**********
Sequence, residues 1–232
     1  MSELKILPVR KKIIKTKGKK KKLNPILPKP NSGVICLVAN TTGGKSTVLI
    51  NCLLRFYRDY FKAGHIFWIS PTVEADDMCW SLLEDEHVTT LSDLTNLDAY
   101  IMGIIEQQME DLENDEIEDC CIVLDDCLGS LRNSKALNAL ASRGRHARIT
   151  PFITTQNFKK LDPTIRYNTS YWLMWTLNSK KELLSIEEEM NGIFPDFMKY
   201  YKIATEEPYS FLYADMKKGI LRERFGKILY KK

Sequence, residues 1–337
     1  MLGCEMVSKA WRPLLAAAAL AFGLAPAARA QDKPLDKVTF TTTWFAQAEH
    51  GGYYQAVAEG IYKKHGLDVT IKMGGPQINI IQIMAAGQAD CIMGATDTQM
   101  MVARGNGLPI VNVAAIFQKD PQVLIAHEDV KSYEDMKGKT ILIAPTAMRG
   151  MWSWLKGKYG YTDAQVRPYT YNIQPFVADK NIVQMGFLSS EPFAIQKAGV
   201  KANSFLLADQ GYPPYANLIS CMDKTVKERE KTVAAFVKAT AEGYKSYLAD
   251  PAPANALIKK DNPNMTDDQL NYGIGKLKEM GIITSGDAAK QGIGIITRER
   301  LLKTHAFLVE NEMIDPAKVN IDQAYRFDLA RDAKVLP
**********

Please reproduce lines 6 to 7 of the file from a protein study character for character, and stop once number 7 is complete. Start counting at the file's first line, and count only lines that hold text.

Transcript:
   201  YKIATEEPYS FLYADMKKGI LRERFGKILY KK

Sequence, residues 1–337